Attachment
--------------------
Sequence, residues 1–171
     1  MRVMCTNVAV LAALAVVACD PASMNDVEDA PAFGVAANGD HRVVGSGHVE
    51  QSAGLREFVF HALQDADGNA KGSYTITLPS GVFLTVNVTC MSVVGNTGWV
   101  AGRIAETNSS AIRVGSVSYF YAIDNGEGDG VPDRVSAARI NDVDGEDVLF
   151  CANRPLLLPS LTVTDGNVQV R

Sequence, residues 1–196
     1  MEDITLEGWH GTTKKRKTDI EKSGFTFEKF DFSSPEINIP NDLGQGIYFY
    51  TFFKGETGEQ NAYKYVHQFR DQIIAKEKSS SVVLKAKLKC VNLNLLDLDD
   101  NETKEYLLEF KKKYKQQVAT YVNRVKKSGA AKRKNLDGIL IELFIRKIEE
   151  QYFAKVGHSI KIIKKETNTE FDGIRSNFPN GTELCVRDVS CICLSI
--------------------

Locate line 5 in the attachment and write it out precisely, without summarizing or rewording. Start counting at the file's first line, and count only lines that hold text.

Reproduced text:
   151  CANRPLLLPS LTVTDGNVQV R